Sphere Movie Review

Sphere is one of those movies I hate to review more than I hate to watch. On one hand, you have the numerous good aspects of the film (top notch cast, etc.). On the other hand, you have a plot that can't be passed off in the world of celluloid.

Based on the novel by Michael Crichton, Sphere concerns a team called the ULF team (Unknown Life Form). These people, hand picked by Norman Johnson (Dustin Hoffman) during the cold war, are a team designed to make contact with alien life. On it are a mathmatician (Samuel L. Jackson), an astrophysicist (Liev Schrieber), a biologist (Sharon Stone), and a shrink who didn't take the whole thing seriously and picked people to be at each other's throats (Dustin Hoffman).

All of these people are sent one thousand feet under the surface of the ocean, where they begin getting on each others nerves.

What's worse, when they discover a sphere of unknown origin in a spaceship that turns out to be an American spacecraft from the future, strange things start happening. Killer jellyfish... giant squid.... extra copies of "20,000 Leagues under the Sea", oh my!

To make a long story short, they start being killed off one by one until there's pretty much no one left, at which point the story takes a turn for the worse. The movie becomes a mind exercise, which I didn't care about but most people do.

The fact about Sphere is that it is too true to the book. It has reached that point when the book has outlasted its usefulness in the adaptation, if only because the book was a favorite among geeks like me who could grasp the ideas set forth in it and not the average moron.

The really disappointing thing about the straight adaptation of the book is that the characters in the book (and, by extension, the movie), are as flat and contrived as science fiction characters usually are. They are completely predictable, rarely fun to watch, and never engaging. The performances are fine considering, but the script inhibits four great actors into roles they can do nothing with.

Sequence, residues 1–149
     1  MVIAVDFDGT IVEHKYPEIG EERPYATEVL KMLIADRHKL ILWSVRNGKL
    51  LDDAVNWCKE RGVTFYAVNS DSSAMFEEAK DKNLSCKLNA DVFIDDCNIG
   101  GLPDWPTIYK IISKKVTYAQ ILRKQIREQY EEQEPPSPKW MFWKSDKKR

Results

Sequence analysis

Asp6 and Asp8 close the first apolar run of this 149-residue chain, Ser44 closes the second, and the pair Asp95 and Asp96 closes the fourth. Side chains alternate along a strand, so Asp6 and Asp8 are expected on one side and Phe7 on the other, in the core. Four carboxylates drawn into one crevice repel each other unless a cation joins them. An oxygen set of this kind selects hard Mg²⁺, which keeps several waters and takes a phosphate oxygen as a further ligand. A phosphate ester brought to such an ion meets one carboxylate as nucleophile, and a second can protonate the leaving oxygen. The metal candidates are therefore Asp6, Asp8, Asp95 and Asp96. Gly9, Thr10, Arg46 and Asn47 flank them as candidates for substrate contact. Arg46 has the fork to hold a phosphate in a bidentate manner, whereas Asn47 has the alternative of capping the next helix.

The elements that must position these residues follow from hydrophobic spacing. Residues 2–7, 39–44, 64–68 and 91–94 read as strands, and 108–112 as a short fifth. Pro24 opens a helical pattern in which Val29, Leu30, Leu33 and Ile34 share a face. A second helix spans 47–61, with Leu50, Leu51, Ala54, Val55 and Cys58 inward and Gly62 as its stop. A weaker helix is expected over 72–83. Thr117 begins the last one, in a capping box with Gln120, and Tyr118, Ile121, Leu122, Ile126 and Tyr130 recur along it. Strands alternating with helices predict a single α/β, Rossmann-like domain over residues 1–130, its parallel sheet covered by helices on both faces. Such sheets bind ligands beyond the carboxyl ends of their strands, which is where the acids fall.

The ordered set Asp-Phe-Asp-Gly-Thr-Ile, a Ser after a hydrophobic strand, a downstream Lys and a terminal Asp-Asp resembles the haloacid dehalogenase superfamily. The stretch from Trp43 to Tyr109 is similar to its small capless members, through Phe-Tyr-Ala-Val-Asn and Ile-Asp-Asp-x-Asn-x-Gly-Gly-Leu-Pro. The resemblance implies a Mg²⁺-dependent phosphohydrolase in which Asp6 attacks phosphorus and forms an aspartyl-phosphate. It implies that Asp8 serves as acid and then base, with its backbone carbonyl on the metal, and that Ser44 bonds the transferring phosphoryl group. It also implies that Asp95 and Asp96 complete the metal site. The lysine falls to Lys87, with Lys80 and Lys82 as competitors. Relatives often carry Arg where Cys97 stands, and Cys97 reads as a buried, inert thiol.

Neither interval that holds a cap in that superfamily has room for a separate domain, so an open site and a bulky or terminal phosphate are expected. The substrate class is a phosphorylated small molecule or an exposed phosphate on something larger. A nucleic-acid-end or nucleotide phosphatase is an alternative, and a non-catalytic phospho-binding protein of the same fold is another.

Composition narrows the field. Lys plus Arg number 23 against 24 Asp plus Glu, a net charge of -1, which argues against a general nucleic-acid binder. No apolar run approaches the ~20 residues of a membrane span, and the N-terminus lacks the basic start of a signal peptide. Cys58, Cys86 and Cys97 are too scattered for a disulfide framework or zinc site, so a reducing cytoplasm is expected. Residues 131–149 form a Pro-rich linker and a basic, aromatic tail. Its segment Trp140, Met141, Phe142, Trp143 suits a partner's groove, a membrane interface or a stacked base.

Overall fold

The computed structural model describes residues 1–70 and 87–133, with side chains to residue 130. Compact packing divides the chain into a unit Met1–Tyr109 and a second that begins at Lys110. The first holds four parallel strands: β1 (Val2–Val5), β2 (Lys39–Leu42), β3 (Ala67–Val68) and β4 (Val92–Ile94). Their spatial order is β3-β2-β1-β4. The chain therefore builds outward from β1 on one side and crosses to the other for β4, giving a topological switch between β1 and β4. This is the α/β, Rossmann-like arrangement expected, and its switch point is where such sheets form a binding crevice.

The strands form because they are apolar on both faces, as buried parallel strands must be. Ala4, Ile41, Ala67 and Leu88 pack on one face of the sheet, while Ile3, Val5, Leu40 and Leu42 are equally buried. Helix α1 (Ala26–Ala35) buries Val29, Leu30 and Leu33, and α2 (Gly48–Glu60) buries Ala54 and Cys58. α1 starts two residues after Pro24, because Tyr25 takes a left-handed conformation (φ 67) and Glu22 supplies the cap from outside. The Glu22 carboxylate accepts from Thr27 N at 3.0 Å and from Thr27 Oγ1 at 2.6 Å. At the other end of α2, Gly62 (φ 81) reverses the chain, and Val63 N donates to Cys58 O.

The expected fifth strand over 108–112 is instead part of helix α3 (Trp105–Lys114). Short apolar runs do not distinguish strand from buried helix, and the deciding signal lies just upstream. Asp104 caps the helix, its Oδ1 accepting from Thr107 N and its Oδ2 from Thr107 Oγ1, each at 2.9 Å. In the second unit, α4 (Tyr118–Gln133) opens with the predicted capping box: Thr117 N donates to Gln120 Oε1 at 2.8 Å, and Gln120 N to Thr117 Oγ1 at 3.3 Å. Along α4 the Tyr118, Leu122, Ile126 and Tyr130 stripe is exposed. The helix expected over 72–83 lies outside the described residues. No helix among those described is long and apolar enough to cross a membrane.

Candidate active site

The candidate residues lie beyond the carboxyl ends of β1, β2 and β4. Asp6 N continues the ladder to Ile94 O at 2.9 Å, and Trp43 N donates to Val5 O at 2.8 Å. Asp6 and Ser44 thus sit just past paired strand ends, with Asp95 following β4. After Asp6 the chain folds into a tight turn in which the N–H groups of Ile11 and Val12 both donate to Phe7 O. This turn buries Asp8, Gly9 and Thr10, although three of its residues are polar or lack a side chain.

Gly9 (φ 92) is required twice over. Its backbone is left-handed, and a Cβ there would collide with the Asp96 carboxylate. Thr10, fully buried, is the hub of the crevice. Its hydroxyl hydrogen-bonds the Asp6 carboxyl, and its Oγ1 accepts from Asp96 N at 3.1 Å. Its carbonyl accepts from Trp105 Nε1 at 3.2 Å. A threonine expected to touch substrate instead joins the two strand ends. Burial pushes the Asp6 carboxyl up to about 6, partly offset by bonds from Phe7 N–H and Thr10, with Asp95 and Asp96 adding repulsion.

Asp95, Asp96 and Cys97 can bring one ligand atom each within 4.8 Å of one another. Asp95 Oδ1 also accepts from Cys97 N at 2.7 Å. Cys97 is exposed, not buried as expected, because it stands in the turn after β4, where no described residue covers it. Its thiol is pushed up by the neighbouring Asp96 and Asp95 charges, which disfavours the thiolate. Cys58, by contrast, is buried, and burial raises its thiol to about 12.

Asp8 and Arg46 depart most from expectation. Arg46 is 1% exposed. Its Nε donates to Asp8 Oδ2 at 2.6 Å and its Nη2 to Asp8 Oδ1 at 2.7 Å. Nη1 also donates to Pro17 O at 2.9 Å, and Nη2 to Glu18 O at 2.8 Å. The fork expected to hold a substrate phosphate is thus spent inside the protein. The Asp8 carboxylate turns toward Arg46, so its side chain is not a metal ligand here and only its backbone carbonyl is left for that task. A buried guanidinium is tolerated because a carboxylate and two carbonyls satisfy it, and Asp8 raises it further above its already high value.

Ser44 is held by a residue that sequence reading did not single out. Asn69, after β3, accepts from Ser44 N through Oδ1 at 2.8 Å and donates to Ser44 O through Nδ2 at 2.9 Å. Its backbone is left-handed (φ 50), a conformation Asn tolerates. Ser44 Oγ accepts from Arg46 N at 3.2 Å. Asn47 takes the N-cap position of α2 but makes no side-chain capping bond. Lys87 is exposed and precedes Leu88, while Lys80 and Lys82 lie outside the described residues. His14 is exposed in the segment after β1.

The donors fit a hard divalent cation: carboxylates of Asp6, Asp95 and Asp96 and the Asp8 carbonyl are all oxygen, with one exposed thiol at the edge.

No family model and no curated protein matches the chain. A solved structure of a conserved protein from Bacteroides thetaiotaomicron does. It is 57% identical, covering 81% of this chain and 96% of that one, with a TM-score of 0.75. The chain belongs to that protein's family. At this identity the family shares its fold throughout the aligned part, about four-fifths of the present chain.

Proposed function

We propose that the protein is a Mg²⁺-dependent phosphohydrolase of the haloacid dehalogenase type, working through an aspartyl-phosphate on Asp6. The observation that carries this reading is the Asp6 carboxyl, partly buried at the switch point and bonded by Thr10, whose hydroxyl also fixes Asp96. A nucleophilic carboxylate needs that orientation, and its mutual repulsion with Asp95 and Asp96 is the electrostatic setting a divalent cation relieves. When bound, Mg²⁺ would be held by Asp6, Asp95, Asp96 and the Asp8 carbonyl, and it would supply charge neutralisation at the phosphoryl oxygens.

A lesson can be learned by Sphere: don't make sci-fi mass market. Any movie that, half an hour in, is using deductive logic as a way to make suspense will not make most people in college or high school frightened. Nor will all of those shots at everyone reacting ultra-slowly to any given situation make them seem like evil characters. In short, Norman Johnson never can become Norman Bates.

Abyss fans will be pleased by the two film's similarities, but please don't even bother calling it a rip off. "Sphere" was written long before Abyss came out, and thus, if anything, Abyss was a rip of the book "Sphere", not visa-versa.

However, Sphere the movie is a stylistic rip off of Abyss, using eerie orchestrals and slow camera pans in order to tell the audience to be scared. It takes every trick in the book of undersea filmmaking to try to make Sphere interesting to the mainstream.

The fact remains that this is the modern world and sci-fi happens to be out. Sure, The Matrix was a home run hit, but Sphere isn't that kind of sci-fi. It's sci-fi the way sci-fi used to be done... niche market.


Sphere Rating

" Grim "

Rating: PG-13, 1998


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